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Warm Welcoming For Penn Staters in Panama City

Even over 1,000 miles away, Penn State was extremely well represented in Panama City last week. I wore a Penn State shirt almost every day of spring break and I ran into fellow Nittany Lions everywhere I went. Many students from other schools said they saw more students from Penn State than from any other college. We really are everywhere.

Predominantly, the people I encountered from other schools were interested in talking about the past year at Penn State and what it was like to be a student there. A lot of them offered their sympathies, saying things like, “It’s unfair what you guys had to go through because of one person.” Almost everyone was very understanding and showed a lot of respect toward Penn State, though the occasional passer-by felt it was appropriate to throw out a Sandusky joke.

Although I only ran into a small handful of people who had anything negative to say about PSU, and the group I went to Panama City with adopted as our motto the phrase, “Haters gonna hate, Staters gonna State,” after a few kids in a passing car felt obliged to shed their two cents on the scandal. I won’t repeat what they said–you’re welcome. I do realize “state” in that context isn’t a verb, but you have to admit, it’s pretty catchy. I guess it’s just a hipper way of saying “Keep calm and fight on.” I like my way better.

Here are a few of my Penn-State related stories from the week:

  • The first thing we did when we got to the beach was hang a Penn State flag from our balcony, which was on the ninth floor, beachfront. Only one other school on our side of the hotel bothered to put a flag up and it was that of Miami of Ohio; go figure right? Over the course of the week, dozens of people pointed up at us and cheered or blared out a “We are” chant.
  • My second night in Panama City, five of us went to Dayglow, which was incredible. I wore one of my Penn State white-out shirts, obviously. A few hours in, I went outside to get some fresh air and I heard the unmistakable sound of a “We are” chant. I saw about ten kids jumping up and down chanting at the top of their lungs, I proceeded to jump into the middle of their circle and make it that much louder. They were very receptive. After we finished, I looked around and about a hundred people had stopped what they were doing and were staring at us. It was awesome.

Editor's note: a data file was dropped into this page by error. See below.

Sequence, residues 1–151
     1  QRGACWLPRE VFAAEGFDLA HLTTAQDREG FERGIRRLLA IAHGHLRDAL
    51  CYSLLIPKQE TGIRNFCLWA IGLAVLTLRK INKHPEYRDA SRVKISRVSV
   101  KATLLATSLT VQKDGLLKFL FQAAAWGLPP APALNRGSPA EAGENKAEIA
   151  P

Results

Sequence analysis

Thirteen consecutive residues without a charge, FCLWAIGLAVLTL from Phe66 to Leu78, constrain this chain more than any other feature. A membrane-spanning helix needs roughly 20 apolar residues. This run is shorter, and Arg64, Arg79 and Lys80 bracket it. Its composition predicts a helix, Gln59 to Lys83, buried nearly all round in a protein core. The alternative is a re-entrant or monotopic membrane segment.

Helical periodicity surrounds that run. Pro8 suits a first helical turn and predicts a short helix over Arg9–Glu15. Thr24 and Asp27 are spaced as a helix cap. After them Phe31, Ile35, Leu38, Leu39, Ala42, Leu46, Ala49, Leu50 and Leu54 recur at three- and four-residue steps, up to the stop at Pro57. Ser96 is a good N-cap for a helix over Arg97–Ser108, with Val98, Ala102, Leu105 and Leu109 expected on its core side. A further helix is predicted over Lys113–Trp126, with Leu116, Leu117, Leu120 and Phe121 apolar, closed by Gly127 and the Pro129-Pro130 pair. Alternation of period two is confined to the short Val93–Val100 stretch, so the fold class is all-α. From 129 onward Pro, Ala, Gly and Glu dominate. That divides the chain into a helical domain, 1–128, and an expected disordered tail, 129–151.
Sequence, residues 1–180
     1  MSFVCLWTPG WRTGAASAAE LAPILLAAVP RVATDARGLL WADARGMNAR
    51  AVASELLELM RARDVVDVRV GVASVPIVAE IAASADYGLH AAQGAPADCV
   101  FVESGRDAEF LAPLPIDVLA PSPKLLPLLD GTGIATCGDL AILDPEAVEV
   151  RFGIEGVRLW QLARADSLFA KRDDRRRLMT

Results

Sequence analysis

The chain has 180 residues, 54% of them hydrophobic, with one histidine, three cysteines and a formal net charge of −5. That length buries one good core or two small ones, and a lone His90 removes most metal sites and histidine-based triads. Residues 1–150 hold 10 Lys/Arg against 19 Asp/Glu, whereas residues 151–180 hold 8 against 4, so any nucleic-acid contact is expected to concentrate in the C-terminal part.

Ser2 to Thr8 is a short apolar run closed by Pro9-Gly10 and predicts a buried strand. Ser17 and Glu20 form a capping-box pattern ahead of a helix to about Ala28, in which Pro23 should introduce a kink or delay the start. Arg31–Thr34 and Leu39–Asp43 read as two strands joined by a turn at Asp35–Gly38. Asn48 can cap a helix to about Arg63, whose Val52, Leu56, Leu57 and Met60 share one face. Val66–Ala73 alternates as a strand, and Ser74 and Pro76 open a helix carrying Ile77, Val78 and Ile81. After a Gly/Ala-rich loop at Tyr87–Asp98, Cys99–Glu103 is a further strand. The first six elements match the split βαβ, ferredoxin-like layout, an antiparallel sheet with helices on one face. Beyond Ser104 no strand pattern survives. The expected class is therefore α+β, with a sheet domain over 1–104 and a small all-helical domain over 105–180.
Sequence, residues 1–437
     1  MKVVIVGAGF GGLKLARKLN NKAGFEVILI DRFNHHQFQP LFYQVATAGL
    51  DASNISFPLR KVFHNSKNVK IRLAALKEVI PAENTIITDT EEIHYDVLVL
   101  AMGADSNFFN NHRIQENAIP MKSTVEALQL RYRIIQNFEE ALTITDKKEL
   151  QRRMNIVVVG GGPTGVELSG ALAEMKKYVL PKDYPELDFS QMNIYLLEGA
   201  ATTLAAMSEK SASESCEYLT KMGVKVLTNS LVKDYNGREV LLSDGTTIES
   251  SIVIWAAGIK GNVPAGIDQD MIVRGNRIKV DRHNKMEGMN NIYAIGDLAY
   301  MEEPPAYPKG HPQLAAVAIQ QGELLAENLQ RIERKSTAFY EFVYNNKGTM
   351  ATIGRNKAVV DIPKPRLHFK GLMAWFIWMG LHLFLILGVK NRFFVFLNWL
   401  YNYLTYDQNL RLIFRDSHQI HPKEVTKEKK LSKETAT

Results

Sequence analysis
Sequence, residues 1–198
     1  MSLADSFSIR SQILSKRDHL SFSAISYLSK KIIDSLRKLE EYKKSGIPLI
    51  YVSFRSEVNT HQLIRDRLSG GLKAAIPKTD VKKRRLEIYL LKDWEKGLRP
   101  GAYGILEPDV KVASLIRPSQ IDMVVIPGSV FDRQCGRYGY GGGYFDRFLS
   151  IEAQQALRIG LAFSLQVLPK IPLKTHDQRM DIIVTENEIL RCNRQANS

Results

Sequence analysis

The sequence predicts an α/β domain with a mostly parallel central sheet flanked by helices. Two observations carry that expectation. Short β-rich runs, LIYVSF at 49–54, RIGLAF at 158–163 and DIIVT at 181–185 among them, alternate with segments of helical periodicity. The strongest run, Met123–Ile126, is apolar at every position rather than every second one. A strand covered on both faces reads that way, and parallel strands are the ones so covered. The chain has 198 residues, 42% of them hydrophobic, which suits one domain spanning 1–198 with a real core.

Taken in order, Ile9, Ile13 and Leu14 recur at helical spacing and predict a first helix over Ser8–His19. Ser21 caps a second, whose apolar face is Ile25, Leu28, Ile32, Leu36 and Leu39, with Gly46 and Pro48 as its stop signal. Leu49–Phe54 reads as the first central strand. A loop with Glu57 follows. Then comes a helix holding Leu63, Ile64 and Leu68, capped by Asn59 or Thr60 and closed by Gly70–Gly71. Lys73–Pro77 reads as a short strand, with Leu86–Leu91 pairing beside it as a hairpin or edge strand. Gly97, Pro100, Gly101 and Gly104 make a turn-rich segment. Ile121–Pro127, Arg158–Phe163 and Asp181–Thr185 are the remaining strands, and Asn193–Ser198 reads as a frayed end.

• During the final hour of DayGlow, I was getting a little worn out. Needless to say, I went hard in the paint. I went outside again and got a drink while striking up a conversation with a few kids from Michigan State. They had nothing but positive things to say about Penn State. They praised our university and praised JoePa, saying how sad they were to see things turn out how they did. As I was leaving, one Spartan held his drink in the air and toasted: “To JoePa, the greatest coach of all-time,” as all of his friends joined in for a cheers. I was overwhelmed, thanking them for the support. Michigan State will forever be my second favorite Big Ten school. Also, they might hate Michigan and Ohio State more than we do. Major bonus points.
  • We went to Club LaVela for an evening, which is the biggest night club in the U.S. with a capacity of about 6,000. The place was absolutely packed and we paid a $25 cover charge just to get in. After a few hours perusing through the 11 different theme rooms and 48 bar stations, we posted up right next to the bar by the main dance floor. It just so happened that a group of eight fellow Penn Staters were there as well. We started talking, or at least trying to, over the pulsating house music. But within minutes a huge group of people walked up next to us at the bar and I noticed a Penn State logo on one of the kid’s shirts. It turned out they all went to Penn State and there were about 12 of them. At that point there were roughly 25 people at a random bar station in America’s biggest night club and all of us went to PSU. Talk about squad deep.
  • One night I found myself a few miles from my hotel and I had only $3 in cash on me. Cabs were a bit more expensive than that, unless you had ten friends with you. The cheapest ride I found was $10 and the man was just not hearing my bargaining. As he was about to close the door, he noticed I had a Penn State shirt on underneath my flannel and told me to climb in. It turned out that the cabbie went to Alabama back in the day and has had several relatives go to Penn State. He even had the sketch of Bear Byrant with his arm around JoePa in Heaven on his phone. He sang JoePa’s praises the whole way to my hotel and let’s just say he’s not the BOT’s biggest fan. When he dropped me off and I went to give him my $3; he told me to keep it.
  • One night we went to a bar called Sharkies and no it was not at all like the Sharkies you’re thinking of. It was half inside and half outside, on the beach. At one point during our time on the dance floor, the DJ played Zombie Nation. As soon as the song started, me and the seven friends I went with looked at each other and grinned simultaneously. As we chanted as loud as humanly possible, everyone in the bar could hear exactly what we were saying. People even joined our makeshift mosh-pit and chanted along with us. We stole the show.
  • While driving home through the fine state of Alabama, we passed a car of girls with a California plate and Penn State decals. We beeped the horn until we got their attention and once the windows were rolled down, we all shared a quality “We are” chant with our cars side-by-side. In retrospect it probably wasn’t the safest thing in the world but it was a bright spot in a 19-hour car ride.

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